Corrugated City

Sunday 4 November 2007

La Ratonera-Valpo's Shame...for how much longer?

If there's one building that is emblematic of the neglect and lack of respect for Valparaiso's architectural heritage, it is surely the Edificio Luis Cousiño, "affectionately" known as La Ratonera-the Rats' Nest.

(**ignore the writing on the photo, it's not the Subercasseaux, that's on Calle Serrano)

Built in 1883 by Isadora Goyanechea in memory of her late husband, Luis Cousiño a famous and filthy rich local businessman, on the corner of what is now Pasaje Ross and Errazuriz/Blanco right down by the water, the Cousiño was the first building in Valparaiso to take the form of a ship, in a triangular shape. The building withstood the 1906 earthquake and the 1985 earthquake without any trouble whatsoever.

Unfortunately, it couldn't withstand the intentions of its new owner. Clearly someone who wouldn't understand culture even if it came up and kicked him in the arse, the guy bought the Cousiño in the early '90s with the intention of (quiz time):

a) Donating the building to a local children's hospice
b) Renovating the building and restoring it to its former glory
c) Knocking down one of the most important and beautiful buildings in the city in order to build a 20 storey office block

If you chose a or b then you haven't been reading my blog for very long...

Unfortunately for the owner, but fortunately for everyone else, the local citizens' group Ciudadanos Por Valparaiso managed to get the building listed as a Monumento Nacional, meaning that the facade could not be touched unless the whole thing just fell down. So in 1994, the owner decided to let the building rot. In 1997, there was a 'mysterious' fire that burned the entire building down. But not the facade-that's still standing-so still no hope of knocking it down.

Since the fire, the building has suffered from further arson attacks, graffiti and being used as a public toilet by tramps. There have been a number of potential projects but none have come to fruition.

It's been my dream to get hold of this magnificent building and renovate it ever since i first drove past over a year ago. It's in such a key location that its renovation could genuinely set off a chain of projects that would speed up the re-birth of the entire city. My initial calculations saw a minimum profit of over us$2 million by converting the building into: underground parking 1 or 2 floors down, shops on the ground floor (offering cheap rent for 2 years and aiming to attract a high profile 'lifestyle' shop which would serve as a magnet to attract other businesses to the area around), offices on the second floor, luxury apartments on the third and fourth floor and a top restaurant also on the fourth floor. I had even started to talk unofficially to people-Chileans, not foreigners- who might have the cash to invest...and there was interest (especially when the profit figure came up :) .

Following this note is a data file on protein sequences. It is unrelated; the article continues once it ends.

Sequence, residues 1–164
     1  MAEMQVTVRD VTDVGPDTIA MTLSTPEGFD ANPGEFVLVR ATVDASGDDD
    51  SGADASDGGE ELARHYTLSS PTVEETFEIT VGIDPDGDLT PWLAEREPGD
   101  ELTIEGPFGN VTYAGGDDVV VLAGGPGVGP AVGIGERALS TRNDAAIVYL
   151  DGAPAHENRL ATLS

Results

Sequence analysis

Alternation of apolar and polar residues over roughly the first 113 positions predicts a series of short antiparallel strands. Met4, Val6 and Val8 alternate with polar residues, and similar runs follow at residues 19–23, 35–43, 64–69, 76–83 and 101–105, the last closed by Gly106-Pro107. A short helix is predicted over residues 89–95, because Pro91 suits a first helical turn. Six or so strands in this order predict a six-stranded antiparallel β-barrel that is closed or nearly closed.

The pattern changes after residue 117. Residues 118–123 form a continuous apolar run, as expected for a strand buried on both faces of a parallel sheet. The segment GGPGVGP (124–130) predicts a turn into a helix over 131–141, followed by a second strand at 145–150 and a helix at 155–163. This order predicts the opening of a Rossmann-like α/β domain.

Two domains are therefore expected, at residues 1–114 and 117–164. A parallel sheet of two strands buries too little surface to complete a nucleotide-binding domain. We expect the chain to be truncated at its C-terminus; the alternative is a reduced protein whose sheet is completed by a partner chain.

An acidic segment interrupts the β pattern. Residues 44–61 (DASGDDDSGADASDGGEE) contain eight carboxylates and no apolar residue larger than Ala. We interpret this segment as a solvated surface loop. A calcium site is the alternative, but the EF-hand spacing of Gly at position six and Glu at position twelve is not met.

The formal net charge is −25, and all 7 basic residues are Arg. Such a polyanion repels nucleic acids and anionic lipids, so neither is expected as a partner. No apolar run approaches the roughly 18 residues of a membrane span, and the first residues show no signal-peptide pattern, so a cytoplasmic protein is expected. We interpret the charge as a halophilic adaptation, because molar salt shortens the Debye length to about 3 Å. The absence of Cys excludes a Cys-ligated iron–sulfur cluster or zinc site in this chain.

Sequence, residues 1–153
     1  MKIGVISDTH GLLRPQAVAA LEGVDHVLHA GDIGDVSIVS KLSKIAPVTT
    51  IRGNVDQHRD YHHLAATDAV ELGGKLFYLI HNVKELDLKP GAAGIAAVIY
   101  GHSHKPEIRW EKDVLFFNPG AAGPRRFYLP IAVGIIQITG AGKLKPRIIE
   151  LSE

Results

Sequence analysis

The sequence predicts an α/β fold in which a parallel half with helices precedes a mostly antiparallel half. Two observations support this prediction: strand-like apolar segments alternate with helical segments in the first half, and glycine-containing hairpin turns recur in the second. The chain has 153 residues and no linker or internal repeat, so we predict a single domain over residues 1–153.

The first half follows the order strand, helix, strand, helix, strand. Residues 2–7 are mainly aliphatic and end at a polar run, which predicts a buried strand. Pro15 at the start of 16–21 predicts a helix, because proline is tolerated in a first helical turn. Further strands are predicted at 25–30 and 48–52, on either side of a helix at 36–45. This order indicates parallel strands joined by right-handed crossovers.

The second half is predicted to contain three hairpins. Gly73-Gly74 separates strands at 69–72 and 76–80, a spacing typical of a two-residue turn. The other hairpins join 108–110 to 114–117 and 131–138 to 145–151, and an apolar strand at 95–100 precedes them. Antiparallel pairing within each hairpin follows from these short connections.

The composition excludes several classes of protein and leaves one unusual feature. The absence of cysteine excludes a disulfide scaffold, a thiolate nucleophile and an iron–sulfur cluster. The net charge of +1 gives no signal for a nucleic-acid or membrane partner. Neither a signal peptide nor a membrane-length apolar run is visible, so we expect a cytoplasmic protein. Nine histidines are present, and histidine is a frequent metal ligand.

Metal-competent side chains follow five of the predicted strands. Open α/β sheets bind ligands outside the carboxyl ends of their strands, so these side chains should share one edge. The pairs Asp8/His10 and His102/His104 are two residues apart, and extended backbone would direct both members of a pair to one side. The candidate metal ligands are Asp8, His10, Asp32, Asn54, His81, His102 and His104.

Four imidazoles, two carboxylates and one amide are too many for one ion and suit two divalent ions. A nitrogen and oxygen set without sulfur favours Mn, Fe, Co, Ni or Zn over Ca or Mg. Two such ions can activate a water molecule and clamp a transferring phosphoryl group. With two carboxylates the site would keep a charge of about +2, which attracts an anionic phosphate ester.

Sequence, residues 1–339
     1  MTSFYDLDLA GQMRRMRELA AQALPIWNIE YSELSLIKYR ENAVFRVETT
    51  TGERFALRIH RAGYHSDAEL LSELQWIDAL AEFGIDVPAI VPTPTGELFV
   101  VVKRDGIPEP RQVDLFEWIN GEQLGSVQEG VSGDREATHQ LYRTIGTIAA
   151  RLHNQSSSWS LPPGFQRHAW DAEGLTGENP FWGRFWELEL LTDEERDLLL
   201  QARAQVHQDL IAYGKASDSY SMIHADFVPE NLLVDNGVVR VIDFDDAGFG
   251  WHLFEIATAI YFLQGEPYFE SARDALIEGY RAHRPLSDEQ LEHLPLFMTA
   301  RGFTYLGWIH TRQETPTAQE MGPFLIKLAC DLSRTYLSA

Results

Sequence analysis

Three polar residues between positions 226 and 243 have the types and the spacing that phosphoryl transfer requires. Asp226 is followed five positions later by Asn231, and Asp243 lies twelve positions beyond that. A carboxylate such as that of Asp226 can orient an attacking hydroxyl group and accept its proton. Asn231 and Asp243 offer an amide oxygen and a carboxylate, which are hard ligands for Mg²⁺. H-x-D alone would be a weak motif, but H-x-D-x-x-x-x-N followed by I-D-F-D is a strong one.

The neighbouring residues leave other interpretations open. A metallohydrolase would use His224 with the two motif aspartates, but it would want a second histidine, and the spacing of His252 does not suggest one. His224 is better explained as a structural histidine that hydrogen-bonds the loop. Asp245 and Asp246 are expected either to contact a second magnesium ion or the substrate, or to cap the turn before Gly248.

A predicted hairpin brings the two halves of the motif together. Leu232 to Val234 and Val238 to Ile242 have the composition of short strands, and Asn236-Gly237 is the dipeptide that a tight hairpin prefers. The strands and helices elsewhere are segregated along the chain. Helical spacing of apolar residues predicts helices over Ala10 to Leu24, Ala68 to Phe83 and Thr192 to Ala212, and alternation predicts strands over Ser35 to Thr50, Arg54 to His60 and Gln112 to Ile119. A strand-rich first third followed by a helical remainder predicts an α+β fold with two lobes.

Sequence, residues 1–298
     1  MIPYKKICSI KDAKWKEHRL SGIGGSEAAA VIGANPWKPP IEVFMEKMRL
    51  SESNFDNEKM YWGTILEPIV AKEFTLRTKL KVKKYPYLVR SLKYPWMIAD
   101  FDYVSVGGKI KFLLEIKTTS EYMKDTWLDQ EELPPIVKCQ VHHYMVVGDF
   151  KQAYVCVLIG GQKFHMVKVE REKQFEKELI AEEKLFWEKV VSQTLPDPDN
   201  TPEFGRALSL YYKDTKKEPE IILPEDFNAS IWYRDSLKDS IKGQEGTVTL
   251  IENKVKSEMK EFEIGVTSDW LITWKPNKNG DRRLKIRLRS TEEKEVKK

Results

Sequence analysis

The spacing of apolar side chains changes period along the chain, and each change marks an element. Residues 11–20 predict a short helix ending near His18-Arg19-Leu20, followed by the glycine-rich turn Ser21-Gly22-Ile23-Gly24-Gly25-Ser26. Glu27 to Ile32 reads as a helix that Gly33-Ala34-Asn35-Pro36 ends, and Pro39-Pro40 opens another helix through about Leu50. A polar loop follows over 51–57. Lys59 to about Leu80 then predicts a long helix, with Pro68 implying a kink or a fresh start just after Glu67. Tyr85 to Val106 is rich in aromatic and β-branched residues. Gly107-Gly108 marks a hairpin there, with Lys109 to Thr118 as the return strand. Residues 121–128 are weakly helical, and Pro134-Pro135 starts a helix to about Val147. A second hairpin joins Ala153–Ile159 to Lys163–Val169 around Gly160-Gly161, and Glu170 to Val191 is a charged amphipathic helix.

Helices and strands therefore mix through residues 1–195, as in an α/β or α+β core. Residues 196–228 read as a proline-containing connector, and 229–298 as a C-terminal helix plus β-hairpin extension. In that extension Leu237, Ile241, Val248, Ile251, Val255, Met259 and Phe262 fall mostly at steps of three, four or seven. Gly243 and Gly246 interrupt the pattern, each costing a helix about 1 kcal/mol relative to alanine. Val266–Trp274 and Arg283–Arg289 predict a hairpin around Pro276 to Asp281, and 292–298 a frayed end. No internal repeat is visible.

So i was really disappointed when i heard that the council had bought the building and given it to DUOC (the technical arm of the Universidad Catolica) to fix up. Even so, i'd really like to hope they'll actually do something with the building. The last time a local university bought a large abandoned building, this happened:

The Universidad de Valparaiso knocked it down and then...and only then...did they realise they didn't have the funds to rebuild. Forward thinking at its best.

So far, i've heard nothing of DUOC's plans for the Cousiño. I hope something happens soon but i have my doubts...the council is still apparently trying to get the purchase approved by the government. If i were a government official, i wouldn't give them a penny until they fix up the Palacio Barburizza.

On a more positive note, plans were released last Thursday for the renovation of the Plaza Sotomayor (again). This time, they're going to (finally) close most of the square to traffic and attempt to make it a cafe-centred pedestrian dream. Huge palm trees will be planted and the Muelle Prat, where you take the boat trip around the harbour will also be completely updated. It's actually a pretty good plan and work is due to start next June. The project is being undertaken by the architects responsible for the spectacular Cultural Centre in La Moneda in Santiago. Fingers crossed it'll get underway and be finished on time...

1 comment:

Anonymous said...

Sometimes I wonder if they deserve anyone refurbishing the Rat's Nest.